Ministers' Office Handbook
Commencing 1 July 2014, Ministers are required to publish quarterly diary summaries of scheduled external meetings held on portfolio-related matters. Cabinet, commercial-in-confidence and personal information will not be disclosed. Nor will strictly personal, electorate or party-political meetings. (For details see Premier’s Memorandum 2015-05).
Retaining and Disposing of Records in Accordance with the State Records Act 1998
Guidance for Ministers’ offices on making and keeping records appropriately and complying with their obligations under the State Records Act 1998 is available at: https://www.records.nsw.gov.au/recordkeeping/resources/ministers-offices
State Records NSW provides:
- Advice on the retention and disposal of Ministers’ office records in the General Retention and Disposal Authority – Records of a Minister’s Office (GDA13). All Ministers’ staff must read this authority and understand what is required of them, and in particular part 1.2.
- Information for Ministers’ staff about their broad recordkeeping responsibilities in What have records got to do with me? and Recordkeeping reminders.
- Online training modules on records management and recordkeeping in the public sector.
- Guidance which may assist in the management of digital records in Managing email and Your responsibilities for managing email (online module).
- A Standard letter setting out access directions when transferring Ministers’ office records to the State Records Authority as State archives.
Creating and Classifying Records
Any information that is created or received by a Minister or their staff in the course of official duties is considered to be a record.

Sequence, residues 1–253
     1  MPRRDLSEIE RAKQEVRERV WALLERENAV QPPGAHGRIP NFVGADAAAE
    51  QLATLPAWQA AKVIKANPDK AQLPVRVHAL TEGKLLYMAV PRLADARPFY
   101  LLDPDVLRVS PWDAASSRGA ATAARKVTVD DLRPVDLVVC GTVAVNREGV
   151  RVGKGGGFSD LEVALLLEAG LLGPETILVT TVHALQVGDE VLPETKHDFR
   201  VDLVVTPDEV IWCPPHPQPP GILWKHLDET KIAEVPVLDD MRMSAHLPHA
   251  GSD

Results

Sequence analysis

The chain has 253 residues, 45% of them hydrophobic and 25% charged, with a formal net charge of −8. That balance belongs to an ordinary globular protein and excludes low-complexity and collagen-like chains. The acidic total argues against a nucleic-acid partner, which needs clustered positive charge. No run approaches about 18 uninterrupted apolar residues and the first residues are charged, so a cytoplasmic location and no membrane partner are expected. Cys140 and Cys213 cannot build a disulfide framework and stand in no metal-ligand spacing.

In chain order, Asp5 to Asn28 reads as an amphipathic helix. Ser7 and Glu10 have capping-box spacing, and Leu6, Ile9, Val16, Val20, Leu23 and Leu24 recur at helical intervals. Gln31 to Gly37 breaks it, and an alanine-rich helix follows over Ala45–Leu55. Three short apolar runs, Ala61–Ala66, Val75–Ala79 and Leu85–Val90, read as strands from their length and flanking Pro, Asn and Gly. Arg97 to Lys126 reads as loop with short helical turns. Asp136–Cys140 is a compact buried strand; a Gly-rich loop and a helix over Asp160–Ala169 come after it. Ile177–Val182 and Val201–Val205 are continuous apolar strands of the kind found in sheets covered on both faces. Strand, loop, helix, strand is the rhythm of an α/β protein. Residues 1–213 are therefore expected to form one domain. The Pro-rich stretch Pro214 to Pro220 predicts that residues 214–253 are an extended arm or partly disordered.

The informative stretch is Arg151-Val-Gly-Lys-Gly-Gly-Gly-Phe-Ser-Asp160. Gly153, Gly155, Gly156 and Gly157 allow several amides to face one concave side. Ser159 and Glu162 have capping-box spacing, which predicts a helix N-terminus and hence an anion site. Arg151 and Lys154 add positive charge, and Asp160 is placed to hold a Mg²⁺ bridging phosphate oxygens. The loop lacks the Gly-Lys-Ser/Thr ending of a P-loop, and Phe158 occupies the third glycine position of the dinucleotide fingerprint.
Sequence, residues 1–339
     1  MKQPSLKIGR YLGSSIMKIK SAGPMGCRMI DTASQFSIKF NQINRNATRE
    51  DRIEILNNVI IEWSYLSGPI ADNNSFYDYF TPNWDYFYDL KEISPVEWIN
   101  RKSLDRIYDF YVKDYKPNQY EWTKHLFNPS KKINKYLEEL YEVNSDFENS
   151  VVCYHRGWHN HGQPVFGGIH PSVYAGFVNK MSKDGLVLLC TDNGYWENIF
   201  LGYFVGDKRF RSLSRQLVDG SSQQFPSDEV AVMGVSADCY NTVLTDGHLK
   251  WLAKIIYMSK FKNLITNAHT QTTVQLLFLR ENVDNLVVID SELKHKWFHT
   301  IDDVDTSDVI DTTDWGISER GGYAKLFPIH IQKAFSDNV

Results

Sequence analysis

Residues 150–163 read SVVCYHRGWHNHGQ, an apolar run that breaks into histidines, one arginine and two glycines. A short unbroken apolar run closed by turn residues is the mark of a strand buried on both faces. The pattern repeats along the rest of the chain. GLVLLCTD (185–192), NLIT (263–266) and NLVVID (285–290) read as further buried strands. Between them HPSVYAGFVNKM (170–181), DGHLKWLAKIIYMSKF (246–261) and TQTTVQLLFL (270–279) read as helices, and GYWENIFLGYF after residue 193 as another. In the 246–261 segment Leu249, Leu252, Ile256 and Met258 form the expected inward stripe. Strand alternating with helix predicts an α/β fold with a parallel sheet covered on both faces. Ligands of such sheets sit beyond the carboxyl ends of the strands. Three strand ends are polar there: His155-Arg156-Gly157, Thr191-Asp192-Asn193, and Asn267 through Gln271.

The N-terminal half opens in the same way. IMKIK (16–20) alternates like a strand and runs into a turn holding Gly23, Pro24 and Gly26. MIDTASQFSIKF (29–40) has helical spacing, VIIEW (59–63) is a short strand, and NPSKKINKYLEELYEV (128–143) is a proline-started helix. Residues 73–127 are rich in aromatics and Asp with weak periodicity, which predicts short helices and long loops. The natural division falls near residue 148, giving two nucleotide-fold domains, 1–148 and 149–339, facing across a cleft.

Records can be in any format.
Under the State Records Act, Ministers’ offices need to:
- Create and maintain full and accurate records of any official government business transacted by the office.
- Retain those records for as long as they are required.
- Dispose of those records legally and appropriately when they are no longer required. This may entail the transfer of permanently valuable records to State Records NSW (where they will be retained as part of the State’s official archives)
The classes of records and the authorised disposal action applying to them are set out in GDA13.
Possession or Control of Ministers’ Records Stored on the Ministers’ IT Network
Any information that is created or received by a Minister or their staff that is stored on the Ministers’ IT network, for all purposes while the Minister is holding that office, is taken to be in the possession or under the control of the Minister (for details see Schedule 2, Part 2, Clause 7 of the MOPS Act).
To minimise storage requirements for records that need to be retained by Ministers’ offices, the options to consider are:
- Where a record is held in paper format, scan it and store it electronically.
- Where a record stored electronically is printed for temporary use, do not retain the paper copy after use.
The following table provides examples of records and guidance to Ministers’ offices on their retention. This information should be read in conjunction with GDA13 which contains a full listing of records relating to Ministers’ portfolio responsibilities.
|Description of Record||Official/State Record?|
Paper copies of official/state records
No – do not retain the paper copy after use
Copies of records that are available electronically in the official document management system or the official Ministers’ office network directory
No – do not retain the paper copy after use and do not make an electronic copy
Paper copies of records that are publicly available on the Internet
No – do not retain the paper copy after use
Constituency, party political or personal records
No – if unsure err on the side of caution and store electronically in the official document management system or the official network directory
Yes – return to DPC Cabinet Secretariat when no longer required. If unsure err on the side of caution
State records created by a department or agency
Yes – the department or agency that created the record owns the record. Return the record to the responsible department/agency when no longer required. If unsure, contact the department/agency for clarification
All remaining paper and electronic records
Make a judgement call about retention (e.g., based on office needs and guidelines issued by the State Records Authority). For paper records which are to be retained, consider the option of scanning